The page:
Open access in science can mean much more than journal articles. Take, for example, the Ketterson lab, Department of Biology, Indiana University, Bloomington. In the course of their over 30-year study on songbird biology the group has published over 100 articles. In addition to the published record of their research, they had accumulated large amounts of data and other products of research that were unpublished and likely of value to the greater scientific community.
A few years ago I worked with the group to make these materials open access. We used ScholarWorks to preserve and share their laboratory and field protocols, field notes, conference presentations, grant proposals, grant reports and other documents related to their research.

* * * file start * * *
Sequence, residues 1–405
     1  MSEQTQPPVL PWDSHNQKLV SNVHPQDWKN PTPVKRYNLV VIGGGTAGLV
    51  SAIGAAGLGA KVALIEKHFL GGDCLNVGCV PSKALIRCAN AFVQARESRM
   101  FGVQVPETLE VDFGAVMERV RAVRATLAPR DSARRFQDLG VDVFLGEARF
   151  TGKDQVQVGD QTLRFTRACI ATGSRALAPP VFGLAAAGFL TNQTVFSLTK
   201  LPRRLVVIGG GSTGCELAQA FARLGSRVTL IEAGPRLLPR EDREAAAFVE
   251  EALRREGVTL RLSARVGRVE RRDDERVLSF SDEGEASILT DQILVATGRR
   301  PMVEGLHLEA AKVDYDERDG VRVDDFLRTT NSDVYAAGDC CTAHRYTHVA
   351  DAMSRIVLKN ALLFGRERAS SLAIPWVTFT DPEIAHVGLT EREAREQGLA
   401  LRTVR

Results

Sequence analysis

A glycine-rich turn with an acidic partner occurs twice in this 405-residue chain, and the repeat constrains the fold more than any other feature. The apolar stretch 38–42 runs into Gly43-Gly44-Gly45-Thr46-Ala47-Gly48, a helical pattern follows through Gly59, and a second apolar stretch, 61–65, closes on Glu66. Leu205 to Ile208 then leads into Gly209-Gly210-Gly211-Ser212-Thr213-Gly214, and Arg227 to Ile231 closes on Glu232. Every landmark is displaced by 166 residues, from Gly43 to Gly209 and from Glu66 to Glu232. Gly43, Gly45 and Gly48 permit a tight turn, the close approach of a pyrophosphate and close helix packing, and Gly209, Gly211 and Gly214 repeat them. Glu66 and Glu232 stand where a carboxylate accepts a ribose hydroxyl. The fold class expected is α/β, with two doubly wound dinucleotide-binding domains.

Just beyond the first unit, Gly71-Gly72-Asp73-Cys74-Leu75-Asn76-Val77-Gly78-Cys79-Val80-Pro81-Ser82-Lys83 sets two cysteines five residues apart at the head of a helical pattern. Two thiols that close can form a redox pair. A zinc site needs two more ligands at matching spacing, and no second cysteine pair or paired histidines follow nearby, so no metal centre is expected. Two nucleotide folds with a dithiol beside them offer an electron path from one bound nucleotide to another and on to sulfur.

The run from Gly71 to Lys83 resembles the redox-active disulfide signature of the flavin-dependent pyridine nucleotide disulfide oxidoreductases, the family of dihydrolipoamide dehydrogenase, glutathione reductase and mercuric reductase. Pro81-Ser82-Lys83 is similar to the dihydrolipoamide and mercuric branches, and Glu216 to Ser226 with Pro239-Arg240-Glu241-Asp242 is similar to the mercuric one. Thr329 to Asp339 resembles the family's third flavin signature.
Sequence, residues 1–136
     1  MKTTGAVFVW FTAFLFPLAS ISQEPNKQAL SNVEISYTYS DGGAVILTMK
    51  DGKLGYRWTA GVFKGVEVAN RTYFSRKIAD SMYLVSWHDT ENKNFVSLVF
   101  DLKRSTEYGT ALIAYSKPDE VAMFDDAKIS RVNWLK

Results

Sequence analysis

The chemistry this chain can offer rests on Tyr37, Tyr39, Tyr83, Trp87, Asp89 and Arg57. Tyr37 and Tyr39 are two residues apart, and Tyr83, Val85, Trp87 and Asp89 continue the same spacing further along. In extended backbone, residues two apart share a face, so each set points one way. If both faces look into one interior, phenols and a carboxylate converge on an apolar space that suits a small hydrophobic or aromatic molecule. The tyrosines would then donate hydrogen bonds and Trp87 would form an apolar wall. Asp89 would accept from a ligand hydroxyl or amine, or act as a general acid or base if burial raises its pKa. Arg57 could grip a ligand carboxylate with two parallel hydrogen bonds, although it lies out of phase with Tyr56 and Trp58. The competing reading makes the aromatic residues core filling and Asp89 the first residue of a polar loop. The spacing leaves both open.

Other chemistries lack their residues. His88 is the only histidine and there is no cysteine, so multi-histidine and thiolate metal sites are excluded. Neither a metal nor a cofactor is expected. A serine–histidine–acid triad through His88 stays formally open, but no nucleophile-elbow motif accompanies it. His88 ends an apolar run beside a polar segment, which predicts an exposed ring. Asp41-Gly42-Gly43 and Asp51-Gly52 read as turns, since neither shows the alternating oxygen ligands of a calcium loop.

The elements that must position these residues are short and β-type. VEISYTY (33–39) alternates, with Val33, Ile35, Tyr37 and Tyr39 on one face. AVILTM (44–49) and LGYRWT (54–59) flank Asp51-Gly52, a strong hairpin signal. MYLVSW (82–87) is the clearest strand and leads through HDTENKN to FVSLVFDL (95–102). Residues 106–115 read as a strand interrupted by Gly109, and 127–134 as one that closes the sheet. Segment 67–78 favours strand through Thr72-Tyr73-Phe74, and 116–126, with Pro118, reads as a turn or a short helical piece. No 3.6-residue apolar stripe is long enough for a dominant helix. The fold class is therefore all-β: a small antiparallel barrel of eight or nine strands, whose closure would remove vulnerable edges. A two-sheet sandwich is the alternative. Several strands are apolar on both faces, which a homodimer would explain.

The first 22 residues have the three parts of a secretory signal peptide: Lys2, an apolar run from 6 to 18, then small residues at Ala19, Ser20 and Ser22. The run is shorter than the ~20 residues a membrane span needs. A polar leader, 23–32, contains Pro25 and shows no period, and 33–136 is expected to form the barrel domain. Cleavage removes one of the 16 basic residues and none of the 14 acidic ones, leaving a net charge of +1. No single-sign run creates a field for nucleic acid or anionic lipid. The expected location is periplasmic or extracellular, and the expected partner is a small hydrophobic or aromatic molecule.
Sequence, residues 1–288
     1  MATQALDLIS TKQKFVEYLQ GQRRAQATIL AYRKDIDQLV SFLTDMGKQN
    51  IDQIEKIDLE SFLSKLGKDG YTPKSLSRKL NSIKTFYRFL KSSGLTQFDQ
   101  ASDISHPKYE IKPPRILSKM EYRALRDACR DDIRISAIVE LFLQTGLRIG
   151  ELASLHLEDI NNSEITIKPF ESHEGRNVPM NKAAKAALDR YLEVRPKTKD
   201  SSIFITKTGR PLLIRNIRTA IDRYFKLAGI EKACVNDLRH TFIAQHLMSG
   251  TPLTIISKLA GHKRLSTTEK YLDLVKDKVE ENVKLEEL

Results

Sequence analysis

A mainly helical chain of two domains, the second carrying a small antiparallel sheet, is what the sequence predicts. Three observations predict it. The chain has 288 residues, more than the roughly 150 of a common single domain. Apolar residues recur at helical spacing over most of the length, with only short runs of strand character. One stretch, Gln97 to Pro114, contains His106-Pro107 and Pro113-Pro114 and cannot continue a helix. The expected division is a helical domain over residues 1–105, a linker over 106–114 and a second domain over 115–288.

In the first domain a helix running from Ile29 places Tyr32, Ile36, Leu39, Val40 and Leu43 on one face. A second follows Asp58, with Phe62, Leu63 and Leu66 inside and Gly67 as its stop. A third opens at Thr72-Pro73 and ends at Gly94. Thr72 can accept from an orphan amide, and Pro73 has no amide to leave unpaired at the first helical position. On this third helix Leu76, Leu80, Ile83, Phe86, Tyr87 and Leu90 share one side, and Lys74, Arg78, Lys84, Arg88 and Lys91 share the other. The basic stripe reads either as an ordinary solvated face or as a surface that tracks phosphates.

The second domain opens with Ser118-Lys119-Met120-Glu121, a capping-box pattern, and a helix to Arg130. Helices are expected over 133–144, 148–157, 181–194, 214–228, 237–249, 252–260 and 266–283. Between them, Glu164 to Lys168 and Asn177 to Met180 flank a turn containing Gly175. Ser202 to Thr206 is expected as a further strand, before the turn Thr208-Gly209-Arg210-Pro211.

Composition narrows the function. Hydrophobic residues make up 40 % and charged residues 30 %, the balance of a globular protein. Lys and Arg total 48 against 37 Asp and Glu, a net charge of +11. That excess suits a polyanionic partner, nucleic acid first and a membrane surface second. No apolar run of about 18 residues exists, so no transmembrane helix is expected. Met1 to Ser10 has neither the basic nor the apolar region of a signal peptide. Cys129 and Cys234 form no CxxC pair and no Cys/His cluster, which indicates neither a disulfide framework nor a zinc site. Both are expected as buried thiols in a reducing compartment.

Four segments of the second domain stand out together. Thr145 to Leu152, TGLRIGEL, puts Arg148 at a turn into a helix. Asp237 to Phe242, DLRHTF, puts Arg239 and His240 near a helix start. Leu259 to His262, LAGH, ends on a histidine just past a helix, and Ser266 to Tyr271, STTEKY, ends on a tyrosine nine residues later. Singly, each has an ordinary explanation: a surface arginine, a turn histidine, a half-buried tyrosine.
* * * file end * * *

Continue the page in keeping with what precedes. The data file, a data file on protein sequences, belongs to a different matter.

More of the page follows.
In science, knowing the details of how the work was accomplished can be just as important as the actual results. These details are often not found in published articles. One example, in just the last few years one of the lab’s protocols, a recipe for making a solution for storing blood samples for DNA analysis, has been viewed in ScholarWorks over 1,000 times. It is exciting to think about how researchers around the world might be using the lab’s information in new ways, asking new questions and making new discoveries in science.